Sunday, October 29, 2006

Ships and Boats RMS Titanic sea trials

Titanic beginning a day of sea trials, April 2, 1912. (NARA, RG 306, Records of the U.S. Information Agency)

"Not even God himself could sink this ship."
--Employee of the White Star Line, at the launch of the Titanic, May 31, 1911

From U.S. National Archives and Records Administration: The vast majority of the digital images in the Archival Research Catalog (ARC) are in the public domain. Therefore, no written permission is required to use them. We would appreciate your crediting the National Archives and Records Administration as the original source. Publication of Photographs Furnished by Still Pictures, It is important to note that all of the digital images that are available on our website (THIS IMAGE) are in the public domain.

When the British ship Titanic steamed out of Southampton bound for New York on April 10, 1912, it was the largest and most sumptuous luxury liner that had ever sailed. It was a monument to the promise of technology and to Victorian elegance, with magnificent oriental carpets and crystal chandeliers. It was thought to be unsinkable.

 RMS Titanic

Confidence was so high that the owners and builders rejected plans calling for as many as 64 lifeboats. Although the number of lifeboats on the Titanic (20) exceeded government standards, the boats would only accommodate about half of the 2,228 people aboard. In one of history's great ironies, the Titanic sank on its maiden voyage, after colliding with an iceberg off the banks of Newfoundland. More than 1,500 people died in the accident.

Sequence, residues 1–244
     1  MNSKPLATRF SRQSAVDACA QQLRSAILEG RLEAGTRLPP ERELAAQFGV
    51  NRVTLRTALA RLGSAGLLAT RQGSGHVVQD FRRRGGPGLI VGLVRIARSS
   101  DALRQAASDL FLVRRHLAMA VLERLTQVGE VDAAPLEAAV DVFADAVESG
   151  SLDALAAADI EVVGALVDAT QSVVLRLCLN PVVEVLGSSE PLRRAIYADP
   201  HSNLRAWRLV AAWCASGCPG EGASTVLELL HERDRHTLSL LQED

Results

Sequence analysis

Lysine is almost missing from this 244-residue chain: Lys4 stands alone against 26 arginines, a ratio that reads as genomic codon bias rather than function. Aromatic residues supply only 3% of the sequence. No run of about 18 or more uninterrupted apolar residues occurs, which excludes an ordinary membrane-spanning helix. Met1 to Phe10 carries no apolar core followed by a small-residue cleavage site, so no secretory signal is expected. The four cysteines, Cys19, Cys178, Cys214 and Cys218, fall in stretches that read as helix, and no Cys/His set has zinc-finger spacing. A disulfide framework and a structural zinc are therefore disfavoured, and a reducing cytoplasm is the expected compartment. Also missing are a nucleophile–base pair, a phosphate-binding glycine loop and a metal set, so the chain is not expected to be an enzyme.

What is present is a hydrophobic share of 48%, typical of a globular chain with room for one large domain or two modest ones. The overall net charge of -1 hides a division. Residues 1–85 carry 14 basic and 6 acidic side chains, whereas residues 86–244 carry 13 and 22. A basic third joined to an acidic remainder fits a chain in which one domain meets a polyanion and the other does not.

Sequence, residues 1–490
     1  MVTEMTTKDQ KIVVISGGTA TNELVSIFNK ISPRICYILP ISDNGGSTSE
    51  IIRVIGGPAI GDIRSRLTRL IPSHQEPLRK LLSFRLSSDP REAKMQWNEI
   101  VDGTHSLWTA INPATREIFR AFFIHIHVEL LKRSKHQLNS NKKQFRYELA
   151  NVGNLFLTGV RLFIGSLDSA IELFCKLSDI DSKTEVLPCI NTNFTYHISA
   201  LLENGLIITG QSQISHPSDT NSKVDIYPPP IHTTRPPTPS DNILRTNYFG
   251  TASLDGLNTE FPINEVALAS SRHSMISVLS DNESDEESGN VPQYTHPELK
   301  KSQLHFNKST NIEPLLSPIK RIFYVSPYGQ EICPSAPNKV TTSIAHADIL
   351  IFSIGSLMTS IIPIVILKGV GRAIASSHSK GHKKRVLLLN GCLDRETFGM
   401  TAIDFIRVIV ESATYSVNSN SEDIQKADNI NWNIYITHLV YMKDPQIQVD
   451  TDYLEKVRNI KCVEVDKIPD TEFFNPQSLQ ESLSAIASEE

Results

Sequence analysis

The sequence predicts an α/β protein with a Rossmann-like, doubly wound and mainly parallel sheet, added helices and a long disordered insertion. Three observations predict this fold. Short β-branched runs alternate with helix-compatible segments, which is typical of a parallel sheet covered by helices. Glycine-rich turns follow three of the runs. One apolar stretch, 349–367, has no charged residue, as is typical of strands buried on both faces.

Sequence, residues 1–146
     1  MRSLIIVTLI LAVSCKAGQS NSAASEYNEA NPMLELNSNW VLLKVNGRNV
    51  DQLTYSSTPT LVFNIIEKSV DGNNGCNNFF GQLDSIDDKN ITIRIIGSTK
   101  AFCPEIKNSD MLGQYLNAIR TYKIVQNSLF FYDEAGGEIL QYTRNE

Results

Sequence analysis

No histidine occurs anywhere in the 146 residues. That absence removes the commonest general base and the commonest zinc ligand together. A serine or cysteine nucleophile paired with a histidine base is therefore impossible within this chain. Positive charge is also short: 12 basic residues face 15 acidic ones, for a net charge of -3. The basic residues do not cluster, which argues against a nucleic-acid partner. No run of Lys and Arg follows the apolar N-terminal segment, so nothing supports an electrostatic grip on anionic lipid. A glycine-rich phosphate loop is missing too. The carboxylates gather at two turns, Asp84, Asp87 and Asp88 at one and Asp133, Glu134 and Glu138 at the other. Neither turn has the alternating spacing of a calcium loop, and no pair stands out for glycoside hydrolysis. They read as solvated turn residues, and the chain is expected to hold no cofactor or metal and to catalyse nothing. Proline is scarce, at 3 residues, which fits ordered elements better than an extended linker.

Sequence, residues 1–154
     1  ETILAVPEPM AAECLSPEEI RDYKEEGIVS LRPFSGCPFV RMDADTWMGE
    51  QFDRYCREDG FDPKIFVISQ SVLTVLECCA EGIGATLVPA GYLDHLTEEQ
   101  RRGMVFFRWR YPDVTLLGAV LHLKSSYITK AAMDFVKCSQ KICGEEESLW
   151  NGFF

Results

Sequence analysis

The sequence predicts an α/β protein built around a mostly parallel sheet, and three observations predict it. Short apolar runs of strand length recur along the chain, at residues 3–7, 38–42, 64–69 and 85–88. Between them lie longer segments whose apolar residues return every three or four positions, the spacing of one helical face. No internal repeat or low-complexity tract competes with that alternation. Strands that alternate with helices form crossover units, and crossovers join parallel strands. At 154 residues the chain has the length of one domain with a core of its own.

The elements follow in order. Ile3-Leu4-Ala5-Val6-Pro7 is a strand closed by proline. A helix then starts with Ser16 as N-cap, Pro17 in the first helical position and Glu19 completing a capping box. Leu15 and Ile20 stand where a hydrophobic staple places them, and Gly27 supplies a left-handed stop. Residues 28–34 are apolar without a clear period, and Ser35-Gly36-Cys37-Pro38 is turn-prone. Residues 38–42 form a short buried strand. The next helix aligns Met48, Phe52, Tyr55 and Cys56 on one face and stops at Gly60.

RMS Titanic departing Southampton on April 10, 1912. Author: F.G.O. Stuart (1843-1923)

This image (or other media file) is in the public domain because it's copyright has expired. This applies to the United States, where Works published prior to 1978 were copyright protected for a maximum of 75 years. See Circular 1 "COPYRIGHT BASICS" PDF. Works published before 1923, are now in the public domain.

This image is also in the public domain in countries that figure copyright from the date of death of the artist (post mortem auctoris, in this case F.G.O. Stuart (1843-1923) and that most commonly runs for a period of 50 to 70 years from the last day of that year.

RMS Titanic

Leave a comment, make a request, Let this small sampling be a guide to better quality, more plentiful, public domain, royalty free, copyright free, high resolution, images, stock photos, jpeg, jpg, free for commercial use, clip art, clipart, clip-art.

No comments:

Post a Comment